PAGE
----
Celebrations erupted as the ball caressed the fibres of the net. Barça had done it. They had finally overcome 4 years of disappointment and anguish in the Champions League, winning club football’s greatest prize in the most iconic way possible. Victors over the Champions of England, France, Germany, Spain —in the Copa Del Rey — and now Italy, the Spaniards felt on top of the world, and not a single soul could dispute their title credentials.

On top of the podium, Michel Platini handed Xavi Hernández the ‘big ears’ to cap off what had been an illustrious career with his fourth, and Barça’s fifth Champions League title. A night that, for all intended purposes, will never be forgotten.

barcelona juventus 2015 ucl final

The days of glory. (Photo by Laurence Griffiths/Getty)

Full Time: Juventus 1-3 Barcelona

The beautiful game brings to all who enjoy it a plethora of emotions and my way of giving back to it is through my writing. I am here not only to share my insight on the club I hold closest to my heart but also to gain knowledge from my fellow writers.


The Rewind

The Rewind: Barcelona 8-1 Huesca, 2014/15




Photo via Imago

As Barcelona kicks off the new year, join us in our trip back in time as we reminisce the 8-1 victory over Huesca in the Copa Del Rey from the 2014/15 season in this episode of The Rewind

Match Background

While the 8-2 victory from the 2018/19 season is fresher within the minds of Barça’s supporters, the Catalans obtained an equally memorable result in the second leg of their last 32 Copa Del Rey tie. The Garnet and Blue had already ripped the Aragonés in stunning style away from home in the reverse fixture, a game that saw them win 4-0, and were looking to complete the demolition derby at home in a half-packed Camp Nou.

The second tier Azulgranas endured one of the worst halves to a game in their history, as their defence, porous as a sponge, conceded a “manita” by halftime. Pedro, filling in for Neymar in his favoured left-wing scored a first-half hat trick, as goals from Andres Iniesta, Adriano Correia, Adama Traoré, Sergi Roberto, Sandro Ramirez led Huesca to a damning 8-1 loss on away soil.

Line Ups


Montoya · Mascherano · Bartra · Adriano
Roberto · Samper · Iniesta
Rafinha · Munir · Pedro


Antonio · David · Gaspar · Scardina
Manola · Lucas · Sosa · Bernal
Cabezas · Esnaider

First Half

Despite the flabbergasting scoreline, Barcelona nearly found themselves on the back-foot early on in the game. As soon as the fifth minute, Chus Sosa played in a sumptuous cross from the touchline into Juan Esnaider’s path. The Spaniard directed the subsequent header towards Jordi Masip’s goal, however to his utter discontent, his effort bounced off the frame of the post and out for a goal-kick.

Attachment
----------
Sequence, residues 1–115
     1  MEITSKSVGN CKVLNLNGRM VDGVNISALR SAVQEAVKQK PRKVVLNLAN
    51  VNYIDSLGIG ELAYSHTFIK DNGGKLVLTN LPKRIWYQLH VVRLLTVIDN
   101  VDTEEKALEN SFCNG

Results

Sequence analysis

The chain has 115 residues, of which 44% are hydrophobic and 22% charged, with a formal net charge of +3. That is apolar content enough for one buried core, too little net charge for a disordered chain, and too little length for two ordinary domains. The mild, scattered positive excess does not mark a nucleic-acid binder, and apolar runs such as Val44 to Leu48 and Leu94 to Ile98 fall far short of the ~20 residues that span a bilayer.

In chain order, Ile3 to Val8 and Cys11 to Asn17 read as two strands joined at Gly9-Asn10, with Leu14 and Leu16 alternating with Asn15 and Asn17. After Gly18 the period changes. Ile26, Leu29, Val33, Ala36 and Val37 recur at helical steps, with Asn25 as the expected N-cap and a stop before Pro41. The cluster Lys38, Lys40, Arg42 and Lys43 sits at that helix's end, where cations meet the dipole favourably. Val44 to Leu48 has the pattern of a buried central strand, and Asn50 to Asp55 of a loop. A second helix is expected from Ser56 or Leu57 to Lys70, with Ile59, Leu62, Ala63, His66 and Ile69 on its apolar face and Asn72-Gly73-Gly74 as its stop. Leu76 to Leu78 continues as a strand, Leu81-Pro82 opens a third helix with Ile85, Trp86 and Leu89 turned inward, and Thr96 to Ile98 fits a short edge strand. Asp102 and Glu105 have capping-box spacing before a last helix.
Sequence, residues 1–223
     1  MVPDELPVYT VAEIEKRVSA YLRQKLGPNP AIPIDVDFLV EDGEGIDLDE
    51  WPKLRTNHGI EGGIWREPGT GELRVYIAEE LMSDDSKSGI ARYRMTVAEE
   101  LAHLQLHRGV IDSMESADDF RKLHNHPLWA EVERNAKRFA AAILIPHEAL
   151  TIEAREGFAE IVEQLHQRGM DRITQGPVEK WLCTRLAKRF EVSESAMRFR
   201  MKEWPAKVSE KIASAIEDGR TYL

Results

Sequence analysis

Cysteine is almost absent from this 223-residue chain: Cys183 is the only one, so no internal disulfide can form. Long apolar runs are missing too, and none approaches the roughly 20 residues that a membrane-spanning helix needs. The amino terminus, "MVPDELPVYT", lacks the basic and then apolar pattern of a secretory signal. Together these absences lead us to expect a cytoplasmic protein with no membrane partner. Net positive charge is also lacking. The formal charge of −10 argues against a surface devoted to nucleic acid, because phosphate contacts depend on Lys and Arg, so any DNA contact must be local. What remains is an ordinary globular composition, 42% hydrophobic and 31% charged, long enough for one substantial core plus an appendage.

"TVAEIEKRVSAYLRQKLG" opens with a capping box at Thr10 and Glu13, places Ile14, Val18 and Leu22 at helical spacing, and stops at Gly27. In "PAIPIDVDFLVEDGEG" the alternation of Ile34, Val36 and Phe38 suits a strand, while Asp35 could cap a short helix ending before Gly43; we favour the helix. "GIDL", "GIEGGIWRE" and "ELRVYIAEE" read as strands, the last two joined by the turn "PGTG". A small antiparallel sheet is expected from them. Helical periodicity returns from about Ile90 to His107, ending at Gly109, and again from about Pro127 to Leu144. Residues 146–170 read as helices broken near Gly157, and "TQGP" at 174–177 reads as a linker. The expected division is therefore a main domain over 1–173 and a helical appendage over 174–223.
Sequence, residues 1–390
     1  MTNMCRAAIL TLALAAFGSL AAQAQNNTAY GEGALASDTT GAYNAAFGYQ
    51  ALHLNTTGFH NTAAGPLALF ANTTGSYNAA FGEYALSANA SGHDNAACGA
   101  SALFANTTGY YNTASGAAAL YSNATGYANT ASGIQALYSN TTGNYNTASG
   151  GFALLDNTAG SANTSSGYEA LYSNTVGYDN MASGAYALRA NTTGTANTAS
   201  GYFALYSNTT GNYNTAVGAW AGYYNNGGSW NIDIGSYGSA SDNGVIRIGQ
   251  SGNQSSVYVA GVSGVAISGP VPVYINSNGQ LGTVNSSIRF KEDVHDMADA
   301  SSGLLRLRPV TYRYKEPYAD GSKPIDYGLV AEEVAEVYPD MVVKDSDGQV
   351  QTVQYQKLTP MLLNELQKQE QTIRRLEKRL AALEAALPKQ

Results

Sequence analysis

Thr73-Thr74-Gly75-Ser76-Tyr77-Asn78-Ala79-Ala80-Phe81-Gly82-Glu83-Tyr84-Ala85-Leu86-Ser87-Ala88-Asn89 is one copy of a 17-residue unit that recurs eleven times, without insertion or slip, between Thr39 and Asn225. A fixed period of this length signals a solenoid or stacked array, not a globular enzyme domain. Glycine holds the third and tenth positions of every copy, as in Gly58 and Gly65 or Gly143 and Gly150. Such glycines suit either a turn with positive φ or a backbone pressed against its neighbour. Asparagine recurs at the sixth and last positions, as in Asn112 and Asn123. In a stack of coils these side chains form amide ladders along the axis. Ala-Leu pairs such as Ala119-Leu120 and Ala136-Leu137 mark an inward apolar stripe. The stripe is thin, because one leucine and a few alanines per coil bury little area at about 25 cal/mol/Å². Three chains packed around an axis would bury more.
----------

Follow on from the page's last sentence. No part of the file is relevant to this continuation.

Having awoken the beast, Barça wreaked havoc on Huesca’s brittle defence, with Pedro opening the scoring. Munir el Haddadi beat his opponent’s offside trap with a perfectly timed run into the half-empty pitch. Once at the edge of the box, he played an outswinger with the outside of his left foot, finding Pedro in the 18-yard area, who scored the subsequent header.

Pedro with one of his finest performances in the Blaugrana. (Photo via Imago)

He doubled his tally soon after, as following yet another botched attempt at keeping Barça at bay, the men in white let Pedro of the hook for a fraction of a second, and he punished them accordingly with a smashing effort past Dani Jiménez.

Deputising for Dani Alves, Martin Montoya played one of the Brazilian’s trademark crosses, finding Sergi Roberto right near the penalty spot. The La Masia graduate made the most delicate touch as his chipped effort proved too good a strike for the Huesca shot-stopper even to fathom touching.

Barça were fully in their stride as with a 7-0 aggregate lead, the tie was well and truly finished. With this in mind, they delicately carved Huesca open with pristine passing synonymous with the Barcelona of old. Come the end of the move, Roberto found Iniesta who, with the most fluid of controls for rid of his marker and subsequently tapped the ball past the advancing Jiménez and into the net to make it 4-0.

Iniesta with a sublime finish. (Photo via Imago)

Barça’s job was just halfway complete, and Pedro added the icing to what was turning out to be a cake adorned with goals of all kinds. Pedro completed his hat trick with a goal almost identical to that of Mohamed Salah’s Puskas winning goal from 2018. It was the perfect strike to cap off what had been a perfect evening.

Half Time: Barcelona 5-0 Huesca

Second Half

As the momentum was still on, Barcelona kept up the onslaught and ridiculed Huesca even further. Sandro unlocked their defence with the most delicate of through balls, finding Adriano positioned in the opposite flank. With the keeper completely out of his favoured position, the Brazilian took a strike from outside the penalty area, scoring splendidly to take the lead to a whopping ten on aggregate.

With 13 minutes left to play, substitute Adama Traoré, a man of much different physicality then, added further gloss to the scoreline. Just as he does now, he used his quick feet and instinctive reactions to skip post his markers till he ultimately found himself one on one with Dani Jiménez, who was truly helpless to stop the goal going in.

Towards the end of the tie, Javier Mascherano chipped the ball over the entirety of the Huesca backline, finding an on-rushing Sandro in the penalty box. With all the time in the world, he controlled the ball, picked his spot and let out a fierce strike past the keeper to finish the scoring for the Blaugrana.

Sandro started life well at Barcelona. (Photo via Imago)

Huesca got a consolation goal via a Carlos David header, however, it was worth next to nothing, as they were ruthlessly eliminated from the king’s cup by 12 goals to two.

Full Time: Barcelona 8-2 Huesca